Inequality is an important topic and one that politicians and scholars spend a lot of time thinking about. But what does the general public think about inequality and the many ways it manifests in daily life? And how do factors like age, gender, or political leanings relate to our views on inequality?
Those are the questions we are exploring with Fair Game?, our new app that asks users what they think about the world as it is today and what they would want in a fair world.
We’re asking users about 13 different topics related to inequality, from wage gaps to opportunities for education, and will be sharing our findings every few days now through mid-November.
You can think about the first topic right now.
So far, the data show a consistent knowledge gap.
Our users estimate that the average CEO’s pay is equal to 151 average worker salaries. In reality, the average CEO makes the same as 303 average workers combined. What do people think CEOs should be paid in a fair world: the same as 72 average employees combined.
We also found some interesting patterns in what people think.
Younger people estimate the ratio of CEO pay to average worker pay to be larger than others do, and also think a larger ratio is fair. Perhaps younger people have lower salaries and therefore think the average worker’s salary is lower? Or they are looking ahead to larger, CEO-like salaries in the future, and that influences what they think is fair?
What about gender?
It is notable that males and females arrive at the same number for what would be fair (72 average worker salaries for each CEO), but differ in what they think currently exists in the world (158 for males vs. 140 for females). Perhaps the gender wage gap influences the perception of what salaries are in the world?
And political leaning?
People who identify as conservative and those who identify as liberal give similar estimates of what the current CEO to average worker salary is (149:1 and 152:1, respectively). But political leaning makes a big difference in what people think what would be fair. Liberal respondents believe 63:1 would be fair, whereas conservative respondents believe that 93:1 would be fair.
It is encouraging that political leaning does not dramatically change our respondents’ perceptions of the world. Both conservatives and liberals underestimate the magnitude of executive pay relative to worker pay in the United States. But their differing assessments of what would be fair suggests that conservatives and liberals might choose different approaches to reducing the executive-to-worker pay ratio.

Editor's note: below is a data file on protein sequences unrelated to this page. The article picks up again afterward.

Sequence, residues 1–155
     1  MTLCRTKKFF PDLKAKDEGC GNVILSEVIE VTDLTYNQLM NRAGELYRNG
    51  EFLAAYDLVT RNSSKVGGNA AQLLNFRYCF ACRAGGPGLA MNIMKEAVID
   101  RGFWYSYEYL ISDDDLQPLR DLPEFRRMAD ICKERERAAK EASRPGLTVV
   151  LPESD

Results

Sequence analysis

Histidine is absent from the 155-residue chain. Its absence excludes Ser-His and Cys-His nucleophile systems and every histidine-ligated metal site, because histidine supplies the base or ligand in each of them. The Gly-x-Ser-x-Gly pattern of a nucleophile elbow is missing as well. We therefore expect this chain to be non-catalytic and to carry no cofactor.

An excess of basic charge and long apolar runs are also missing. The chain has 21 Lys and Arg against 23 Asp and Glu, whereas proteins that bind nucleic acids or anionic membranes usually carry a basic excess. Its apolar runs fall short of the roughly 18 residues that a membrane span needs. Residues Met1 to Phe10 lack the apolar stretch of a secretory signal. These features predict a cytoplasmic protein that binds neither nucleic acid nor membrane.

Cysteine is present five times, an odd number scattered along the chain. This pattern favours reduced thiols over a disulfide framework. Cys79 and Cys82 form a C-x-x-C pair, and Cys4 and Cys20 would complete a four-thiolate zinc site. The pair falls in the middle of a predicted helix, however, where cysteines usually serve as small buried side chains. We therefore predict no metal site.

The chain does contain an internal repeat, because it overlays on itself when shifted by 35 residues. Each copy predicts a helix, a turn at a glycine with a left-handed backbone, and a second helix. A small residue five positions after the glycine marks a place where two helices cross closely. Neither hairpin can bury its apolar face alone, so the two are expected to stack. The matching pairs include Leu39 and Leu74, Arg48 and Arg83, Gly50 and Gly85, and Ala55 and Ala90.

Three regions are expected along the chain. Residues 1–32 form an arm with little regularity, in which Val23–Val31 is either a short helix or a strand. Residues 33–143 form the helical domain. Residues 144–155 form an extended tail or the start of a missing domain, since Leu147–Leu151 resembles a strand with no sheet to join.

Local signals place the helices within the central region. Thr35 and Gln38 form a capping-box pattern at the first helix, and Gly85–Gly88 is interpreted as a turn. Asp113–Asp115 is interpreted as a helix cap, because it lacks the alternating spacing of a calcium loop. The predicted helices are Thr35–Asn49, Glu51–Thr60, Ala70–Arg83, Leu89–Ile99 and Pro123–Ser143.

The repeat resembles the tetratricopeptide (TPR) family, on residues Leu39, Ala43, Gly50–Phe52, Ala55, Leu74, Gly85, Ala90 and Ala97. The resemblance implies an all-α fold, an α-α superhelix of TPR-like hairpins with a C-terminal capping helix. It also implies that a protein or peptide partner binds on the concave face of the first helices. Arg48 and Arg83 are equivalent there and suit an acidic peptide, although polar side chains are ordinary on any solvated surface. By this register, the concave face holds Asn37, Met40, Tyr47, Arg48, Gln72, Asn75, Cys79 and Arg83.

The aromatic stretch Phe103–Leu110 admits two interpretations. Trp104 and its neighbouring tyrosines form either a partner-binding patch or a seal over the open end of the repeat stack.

Executive compensation is by no means a simple issue. In fact, the 2016 Nobel Prize in economics was awarded to researchers who considered how motivational factors should be related to pay, bonuses, stock compensation and the timeframe of company performance in order to achieve optimal levels. One of the winners, Bengt Holmström, told a reporter after hearing he had won, that he thought executive bonuses were “extraordinarily high” and compensation contracts were too complicated.
Has it always been like this? The ratio of executive pay to worker pay was 20-to-1 in 1965, when CEOs earned an average of $832,000 annually, compared to $40,200 for workers (adjusted for today’s dollars). In 2000, the number peaked at 376-to-1, and has since settled back down to the recent level of 303-to-1 (and some estimates are as low as 216-to-1). This increased ratio means that CEO compensation has risen dramatically over the past few decades, but the average worker compensation has not. In 2014 the average CEO made $16,316,000 compared to the $53,200 made by the average worker.
In an effort to promote greater transparency, the Securities and Exchange Commission will soon require every publicly traded company in the United States to disclose this ratio. A recent bill proposed in the California Senate calls for instituting a sliding scale of corporate taxation, with companies paying different tax rates based on their ratios and sharper increases for those with CEO to average worker pay ratios greater than 100-to-1. Other proposals for reducing the ratio and social ramifications of large gaps in companies include greater profit-sharing across employees and a more consistent relationship between (long-term) performance and bonuses.